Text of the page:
• Nagy will assume play calling duties in 2018, but the offensive coordinator he hires can’t be a slouch. He will have to be a link between the head coach and quarterback, while also showing the ability to drive home the goals to the rest of the offensive unit. One reason Andy Reid’s teams have long been successful is because of the staff he puts in place to coach up the players. Everyone has a role and is pulling from the same side of the rope. This is where the Bears could learn something from their interviews with other candidates, specifically John DeFilippo, the Eagles Quarterbacks Coach who could have given Pace an inkling of how Philadelphia put together a quarterback friendly staff to aid in Carson Wentz’s development.
  • Development won’t just come via practice reps. Hopefully, Nagy’s play calling and designs will help Trubisky grow into the quarterback the Bears need him to become. Chris Emma of CBS Chicago dives into some film to highlight Nagy’s creativity as an offensive mind, showing what the Bears could possibly do to unleash some of Trubisky’s untapped potential.
  • Over at Pro Football Weekly, Greg Gabriel writes through a former scout’s eyes about what the Bears can expect from their new coach. Gabriel walks through the two most important tasks Nagy will have upon arrival – finding a strong defensive coordinator to lead the other side of the ball and further developing Trubisky as the kind of quarterback a team trades up in the draft to acquire. Nagy is described by Gabriel as a young and energetic coach, but one who will be only as good as the staff he pieces together.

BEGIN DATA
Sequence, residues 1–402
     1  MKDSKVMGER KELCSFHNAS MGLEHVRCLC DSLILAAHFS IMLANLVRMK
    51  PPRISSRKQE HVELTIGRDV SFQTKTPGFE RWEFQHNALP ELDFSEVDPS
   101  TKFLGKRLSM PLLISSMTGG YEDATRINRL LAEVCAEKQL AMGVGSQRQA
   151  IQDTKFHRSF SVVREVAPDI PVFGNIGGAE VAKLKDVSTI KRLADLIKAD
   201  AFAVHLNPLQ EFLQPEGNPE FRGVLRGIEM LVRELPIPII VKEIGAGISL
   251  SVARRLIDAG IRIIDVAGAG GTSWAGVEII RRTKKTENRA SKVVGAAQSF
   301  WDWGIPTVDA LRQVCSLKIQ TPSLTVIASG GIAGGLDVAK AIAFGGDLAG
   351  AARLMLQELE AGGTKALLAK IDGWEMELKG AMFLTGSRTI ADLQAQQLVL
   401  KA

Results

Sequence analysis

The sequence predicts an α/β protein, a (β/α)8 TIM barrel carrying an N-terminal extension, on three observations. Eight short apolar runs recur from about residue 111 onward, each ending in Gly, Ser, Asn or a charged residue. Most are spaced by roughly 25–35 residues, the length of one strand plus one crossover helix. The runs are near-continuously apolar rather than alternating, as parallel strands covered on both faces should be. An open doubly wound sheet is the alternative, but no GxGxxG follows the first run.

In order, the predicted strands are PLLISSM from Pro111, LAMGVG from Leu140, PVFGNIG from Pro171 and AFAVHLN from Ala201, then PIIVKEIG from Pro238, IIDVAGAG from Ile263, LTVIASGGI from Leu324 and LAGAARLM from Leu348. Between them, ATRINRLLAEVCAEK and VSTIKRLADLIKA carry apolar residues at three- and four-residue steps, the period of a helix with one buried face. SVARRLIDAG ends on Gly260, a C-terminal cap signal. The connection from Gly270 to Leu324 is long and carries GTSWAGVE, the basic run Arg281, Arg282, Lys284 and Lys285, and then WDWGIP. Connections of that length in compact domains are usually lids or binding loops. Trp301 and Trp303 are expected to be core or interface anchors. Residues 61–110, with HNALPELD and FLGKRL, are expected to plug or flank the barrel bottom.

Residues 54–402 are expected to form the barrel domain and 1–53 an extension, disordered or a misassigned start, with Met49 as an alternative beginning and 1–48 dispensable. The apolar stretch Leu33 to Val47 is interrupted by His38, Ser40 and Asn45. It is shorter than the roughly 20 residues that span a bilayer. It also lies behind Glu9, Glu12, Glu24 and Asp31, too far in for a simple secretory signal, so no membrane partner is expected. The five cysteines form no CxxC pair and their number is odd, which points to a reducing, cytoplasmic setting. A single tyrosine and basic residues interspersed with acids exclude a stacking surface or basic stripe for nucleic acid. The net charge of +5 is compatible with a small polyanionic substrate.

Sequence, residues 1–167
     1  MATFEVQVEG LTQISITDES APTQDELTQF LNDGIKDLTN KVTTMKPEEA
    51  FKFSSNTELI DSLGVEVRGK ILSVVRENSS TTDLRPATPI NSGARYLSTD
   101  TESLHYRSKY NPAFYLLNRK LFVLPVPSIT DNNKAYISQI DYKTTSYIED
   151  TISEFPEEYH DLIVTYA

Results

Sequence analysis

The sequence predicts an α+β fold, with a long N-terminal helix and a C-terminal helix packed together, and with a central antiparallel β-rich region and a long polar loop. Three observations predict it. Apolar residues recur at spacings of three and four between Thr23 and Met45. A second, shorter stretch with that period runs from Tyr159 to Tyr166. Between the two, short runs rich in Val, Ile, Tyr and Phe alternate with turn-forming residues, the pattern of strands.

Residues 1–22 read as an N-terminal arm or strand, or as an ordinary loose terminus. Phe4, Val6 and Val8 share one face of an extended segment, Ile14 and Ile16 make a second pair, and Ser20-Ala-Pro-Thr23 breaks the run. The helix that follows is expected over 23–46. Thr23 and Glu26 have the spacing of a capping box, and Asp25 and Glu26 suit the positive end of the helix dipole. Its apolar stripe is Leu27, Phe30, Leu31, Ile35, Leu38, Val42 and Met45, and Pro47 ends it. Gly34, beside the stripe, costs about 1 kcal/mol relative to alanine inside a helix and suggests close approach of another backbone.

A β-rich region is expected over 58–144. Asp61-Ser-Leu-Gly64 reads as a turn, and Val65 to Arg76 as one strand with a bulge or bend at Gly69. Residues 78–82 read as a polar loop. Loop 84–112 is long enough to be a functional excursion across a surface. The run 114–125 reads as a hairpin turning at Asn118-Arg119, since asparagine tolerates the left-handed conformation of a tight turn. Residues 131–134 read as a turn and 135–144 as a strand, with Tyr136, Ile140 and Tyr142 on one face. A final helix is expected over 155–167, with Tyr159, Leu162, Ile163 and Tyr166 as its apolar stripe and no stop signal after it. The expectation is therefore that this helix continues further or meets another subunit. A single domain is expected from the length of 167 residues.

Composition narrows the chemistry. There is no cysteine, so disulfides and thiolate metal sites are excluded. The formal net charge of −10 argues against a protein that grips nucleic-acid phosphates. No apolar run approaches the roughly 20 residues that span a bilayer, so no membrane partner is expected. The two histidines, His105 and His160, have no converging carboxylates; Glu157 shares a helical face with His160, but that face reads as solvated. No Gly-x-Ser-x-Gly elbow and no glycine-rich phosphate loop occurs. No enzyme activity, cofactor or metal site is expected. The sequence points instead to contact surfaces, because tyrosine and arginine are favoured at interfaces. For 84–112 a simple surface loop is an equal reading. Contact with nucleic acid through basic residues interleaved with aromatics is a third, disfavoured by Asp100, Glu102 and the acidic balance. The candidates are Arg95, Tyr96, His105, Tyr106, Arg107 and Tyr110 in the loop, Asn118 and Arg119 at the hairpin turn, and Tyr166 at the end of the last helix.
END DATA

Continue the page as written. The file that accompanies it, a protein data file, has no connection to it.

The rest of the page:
• John Middlekauff of The Athletic believes the Bears hired a stud in Nagy, with whom Middlekauff is familiar after his time in Philadelphia. Middlekauff drops an interesting comp on Nagy when he says the new Bears coach reminds him of a happier Kyle Shanahan. Bears fans saw first hand what Shanahan could do with an up-and-coming quarterback, so the idea of Nagy doing with Trubisky what Shanahan has done with Jimmy Garoppolo seems very appealing.
  • As expected, Nagy’s hire wasn’t unanimously approved by Bears fans. And why would it be? There was no home run/slam dunk/sure shot hire. There was no perfect candidate. Each coach who was interviewed for the position came with flaws and questions that deserved honest, detailed answers. To that end, David Haugh of the Chicago Tribune reminds us the most compelling candidate isn’t necessarily the best one. The aforementioned DeFilippo would have been the most intriguing candidate because of his youth, upside, energy, understanding of offenses, and ability to break it down, simplify it, and present it in an easy way to digest.
  • We’ll see if DeFilippo gets more interviews in the coming weeks or if he’ll return as the Philadelphia Eagles’ Quarterbacks Coach in 2018. Take note that DeFilippo’s contract expires when the Eagles are eliminated from postseason contention, so he could line himself up for a promotion that puts him in a place to make play calls and boost his coaching stock.
  • And finally, I like this sound of this:


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Luis Medina

Luis is the Lead Writer at The Ten-Yard Line, and you can find him on Twitter at @lcm1986.